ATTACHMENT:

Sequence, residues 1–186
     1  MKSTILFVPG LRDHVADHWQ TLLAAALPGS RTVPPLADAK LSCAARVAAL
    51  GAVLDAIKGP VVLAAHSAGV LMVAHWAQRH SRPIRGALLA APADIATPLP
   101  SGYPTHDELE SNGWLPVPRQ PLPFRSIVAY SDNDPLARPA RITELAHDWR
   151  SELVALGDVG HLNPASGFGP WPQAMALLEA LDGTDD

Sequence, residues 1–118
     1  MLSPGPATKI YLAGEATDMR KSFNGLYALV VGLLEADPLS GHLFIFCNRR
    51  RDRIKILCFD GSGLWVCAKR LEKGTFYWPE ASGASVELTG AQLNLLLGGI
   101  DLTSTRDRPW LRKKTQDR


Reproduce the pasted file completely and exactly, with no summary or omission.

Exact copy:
Sequence, residues 1–186
     1  MKSTILFVPG LRDHVADHWQ TLLAAALPGS RTVPPLADAK LSCAARVAAL
    51  GAVLDAIKGP VVLAAHSAGV LMVAHWAQRH SRPIRGALLA APADIATPLP
   101  SGYPTHDELE SNGWLPVPRQ PLPFRSIVAY SDNDPLARPA RITELAHDWR
   151  SELVALGDVG HLNPASGFGP WPQAMALLEA LDGTDD

Sequence, residues 1–118
     1  MLSPGPATKI YLAGEATDMR KSFNGLYALV VGLLEADPLS GHLFIFCNRR
    51  RDRIKILCFD GSGLWVCAKR LEKGTFYWPE ASGASVELTG AQLNLLLGGI
   101  DLTSTRDRPW LRKKTQDR